Later in office, my state of not having a family has been a matter of silent discrimination and were it not for my unabashed intellectual aggression, I could also have been harassed. Reason, I was not a married person, rich, educated and not also a prostitute; my total unavailability to men was an issue of utter disbelief because women are generally available to men in some measure or the other; as wives, as mothers, as girlfriends, as call girls, as girlfriends. All these categories of women jeopardised my pursuit of personhood hopelessly leaving men imagining who the lucky man in my life would be. After my hysterectomy, which has to be public because my medical expenses are paid for in office, my status in every which way has slided down to being totally ignored at work. The covers of my papers are torn off and replaced by other names and though I might be a part of a team, I am never called for in meetings. It is only as a mentor that I am valued because there it is a different space with a different economy.
The institution of the family has drained my chances of being accepted as an individual in my own right; the inhabitation of the public space which has no backing of a private sphere of commensurate importance becomes an issue with the significant others. My travels on work is frowned upon, I am never sent to attend seminars until and unless I am presenting papers; and on one occasion my privilege of being a person who has no dependents can claim travel allowance each year to visit her hometown was struck down because I was assumed to have no family. The prevalence of marriage as a preferred state jeopardizes chances of a dignified life of anyone who wishes to remain out of it. In a similar fashion, when call girls and prostitutes inhabit the public space claiming full dignity, women like us who travel by late evening flights, emerge from official dinners or even go to attend a musical performance are jeopardized. The image of a woman being in the sexual trade is socially learnt and this jeopardises asexual women like us. The crux of a woman’s problem is her gender, her sexuality is the basis of discrimination against her in a world which is constantly accumulating the masculine principle and eroding its feminity. What happens when the value of a commodity declines? Plain economics restrict its supply. The supply of sex must be retarded to raise the value of women; more women must come out of institutions of patriarchy, marriage as well as prostitution.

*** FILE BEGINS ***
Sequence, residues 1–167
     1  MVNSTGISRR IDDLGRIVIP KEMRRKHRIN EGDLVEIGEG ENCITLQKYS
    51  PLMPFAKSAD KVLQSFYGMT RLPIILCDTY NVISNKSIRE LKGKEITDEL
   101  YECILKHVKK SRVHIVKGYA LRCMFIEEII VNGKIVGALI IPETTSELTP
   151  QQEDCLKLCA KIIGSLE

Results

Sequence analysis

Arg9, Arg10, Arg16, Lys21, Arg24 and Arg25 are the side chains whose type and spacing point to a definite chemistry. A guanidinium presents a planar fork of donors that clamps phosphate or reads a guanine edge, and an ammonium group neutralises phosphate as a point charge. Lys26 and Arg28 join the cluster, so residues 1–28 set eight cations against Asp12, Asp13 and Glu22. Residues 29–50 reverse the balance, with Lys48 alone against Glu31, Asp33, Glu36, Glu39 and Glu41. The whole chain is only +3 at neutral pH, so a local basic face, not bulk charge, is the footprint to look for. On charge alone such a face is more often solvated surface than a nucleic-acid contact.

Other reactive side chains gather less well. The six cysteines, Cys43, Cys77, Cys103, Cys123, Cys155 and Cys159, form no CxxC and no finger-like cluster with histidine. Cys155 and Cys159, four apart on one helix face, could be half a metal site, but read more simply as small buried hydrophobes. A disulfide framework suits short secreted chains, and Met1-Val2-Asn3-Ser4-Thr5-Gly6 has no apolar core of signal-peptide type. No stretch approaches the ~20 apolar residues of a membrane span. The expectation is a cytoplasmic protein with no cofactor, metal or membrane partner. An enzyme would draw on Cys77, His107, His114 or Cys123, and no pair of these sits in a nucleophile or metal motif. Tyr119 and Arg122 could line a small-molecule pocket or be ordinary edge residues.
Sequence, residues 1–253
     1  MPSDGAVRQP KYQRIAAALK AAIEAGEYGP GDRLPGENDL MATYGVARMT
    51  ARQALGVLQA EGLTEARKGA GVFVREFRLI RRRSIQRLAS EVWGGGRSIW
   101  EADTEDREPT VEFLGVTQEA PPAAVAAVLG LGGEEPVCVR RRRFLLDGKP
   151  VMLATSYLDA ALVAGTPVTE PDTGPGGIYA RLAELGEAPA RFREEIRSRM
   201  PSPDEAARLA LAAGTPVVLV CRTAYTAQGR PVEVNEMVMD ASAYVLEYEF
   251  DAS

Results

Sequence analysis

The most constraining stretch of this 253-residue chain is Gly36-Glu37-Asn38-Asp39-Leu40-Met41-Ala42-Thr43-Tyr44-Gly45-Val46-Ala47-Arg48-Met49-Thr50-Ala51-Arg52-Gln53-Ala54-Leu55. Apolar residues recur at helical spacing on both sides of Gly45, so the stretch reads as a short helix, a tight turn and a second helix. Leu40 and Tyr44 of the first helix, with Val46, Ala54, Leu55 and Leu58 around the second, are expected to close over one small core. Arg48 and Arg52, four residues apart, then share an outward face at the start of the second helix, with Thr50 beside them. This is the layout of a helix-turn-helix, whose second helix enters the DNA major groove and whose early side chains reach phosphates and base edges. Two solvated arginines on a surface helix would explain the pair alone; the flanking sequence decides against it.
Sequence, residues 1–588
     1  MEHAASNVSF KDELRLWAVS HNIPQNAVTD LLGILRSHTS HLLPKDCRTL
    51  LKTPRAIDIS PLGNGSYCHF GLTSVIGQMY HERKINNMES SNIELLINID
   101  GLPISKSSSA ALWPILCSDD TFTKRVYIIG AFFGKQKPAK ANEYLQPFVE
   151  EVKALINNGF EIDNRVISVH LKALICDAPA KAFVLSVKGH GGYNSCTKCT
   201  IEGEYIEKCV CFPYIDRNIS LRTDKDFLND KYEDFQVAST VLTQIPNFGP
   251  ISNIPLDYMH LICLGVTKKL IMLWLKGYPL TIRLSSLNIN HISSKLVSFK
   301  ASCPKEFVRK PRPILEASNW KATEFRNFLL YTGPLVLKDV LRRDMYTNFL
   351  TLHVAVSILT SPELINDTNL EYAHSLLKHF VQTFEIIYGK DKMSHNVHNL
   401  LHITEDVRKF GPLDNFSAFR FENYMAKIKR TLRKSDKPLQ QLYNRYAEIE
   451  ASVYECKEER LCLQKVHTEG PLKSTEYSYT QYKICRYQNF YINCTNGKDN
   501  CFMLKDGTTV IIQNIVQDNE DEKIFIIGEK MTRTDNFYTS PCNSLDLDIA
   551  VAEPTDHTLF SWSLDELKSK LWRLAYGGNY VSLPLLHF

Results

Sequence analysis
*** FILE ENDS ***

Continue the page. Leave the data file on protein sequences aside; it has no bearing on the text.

In every idea of emancipation there is a sacrifice. To become a progressive and secular bhadralok, propertied men of Bengal had to let go of their concubines, socialism requires enormous sacrifice of the propertied, universal society must let go of privileges of slavery; what does feminism let go of? What does it sacrifice? Nothing. Worse still in its post modernist avatar, feminism clings on to sexuality as its life belt in a stormy sea, the very basis of gender oppression. The warnings of climate change and imminent ecological danger tells us that we need to restrict the reproduction of our species, then what is the use of female sexuality for civilization? The need for the feminine principle in our Universe is declining, this is why women is such a surplus, women looked upon as women are killed as foetuses, left to die as infants, abandoned as girls, trafficked as adolescents, burnt for dowry, murdered by beating, abandoned as widows, and all of this because she is repeatedly being defined in terms of her sexuality, something whose instrumental reason in the world is only waning. Therefore, if woman has to survive, she must emerge into personhood, beyond sex. Otherwise feminism will continue to do the impossible, be at two places at the same time, a life of compromise that never left the world any better.